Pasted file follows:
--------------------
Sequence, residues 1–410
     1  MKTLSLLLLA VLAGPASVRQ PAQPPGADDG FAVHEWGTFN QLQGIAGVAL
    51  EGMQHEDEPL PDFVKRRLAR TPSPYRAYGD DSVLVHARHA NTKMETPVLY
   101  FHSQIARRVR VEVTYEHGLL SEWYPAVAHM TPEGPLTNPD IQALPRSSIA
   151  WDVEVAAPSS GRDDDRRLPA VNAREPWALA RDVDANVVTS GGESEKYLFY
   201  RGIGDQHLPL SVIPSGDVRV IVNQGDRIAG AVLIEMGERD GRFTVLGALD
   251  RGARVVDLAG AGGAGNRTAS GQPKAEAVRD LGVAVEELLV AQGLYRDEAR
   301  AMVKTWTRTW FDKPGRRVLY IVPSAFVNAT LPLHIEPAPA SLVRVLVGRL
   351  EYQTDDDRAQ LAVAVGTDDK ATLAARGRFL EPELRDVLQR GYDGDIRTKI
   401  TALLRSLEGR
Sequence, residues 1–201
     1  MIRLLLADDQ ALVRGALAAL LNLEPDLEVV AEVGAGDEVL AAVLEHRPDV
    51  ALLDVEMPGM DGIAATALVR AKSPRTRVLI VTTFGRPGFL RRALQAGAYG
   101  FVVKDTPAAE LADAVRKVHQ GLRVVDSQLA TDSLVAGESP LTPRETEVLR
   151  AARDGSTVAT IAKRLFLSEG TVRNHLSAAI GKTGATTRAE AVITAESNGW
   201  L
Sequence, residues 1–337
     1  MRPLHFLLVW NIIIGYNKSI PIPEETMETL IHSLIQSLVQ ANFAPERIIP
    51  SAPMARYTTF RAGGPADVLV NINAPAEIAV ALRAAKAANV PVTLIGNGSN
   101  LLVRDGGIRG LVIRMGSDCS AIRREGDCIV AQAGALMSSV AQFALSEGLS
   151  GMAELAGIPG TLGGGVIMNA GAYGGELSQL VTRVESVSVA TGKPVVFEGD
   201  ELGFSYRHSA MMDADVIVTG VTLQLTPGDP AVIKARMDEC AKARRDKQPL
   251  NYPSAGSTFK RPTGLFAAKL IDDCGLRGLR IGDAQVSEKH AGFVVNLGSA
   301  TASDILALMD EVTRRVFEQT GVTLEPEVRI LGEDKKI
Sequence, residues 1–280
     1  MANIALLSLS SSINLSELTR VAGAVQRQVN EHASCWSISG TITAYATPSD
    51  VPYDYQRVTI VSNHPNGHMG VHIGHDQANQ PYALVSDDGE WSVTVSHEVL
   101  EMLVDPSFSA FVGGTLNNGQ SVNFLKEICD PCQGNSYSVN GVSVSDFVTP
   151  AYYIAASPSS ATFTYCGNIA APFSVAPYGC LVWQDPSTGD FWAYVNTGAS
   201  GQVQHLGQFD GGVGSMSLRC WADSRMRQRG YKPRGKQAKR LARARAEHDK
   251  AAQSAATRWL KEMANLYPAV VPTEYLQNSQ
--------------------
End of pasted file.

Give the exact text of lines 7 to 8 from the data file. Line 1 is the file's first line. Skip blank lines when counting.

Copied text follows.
   251  RGARVVDLAG AGGAGNRTAS GQPKAEAVRD LGVAVEELLV AQGLYRDEAR
   301  AMVKTWTRTW FDKPGRRVLY IVPSAFVNAT LPLHIEPAPA SLVRVLVGRL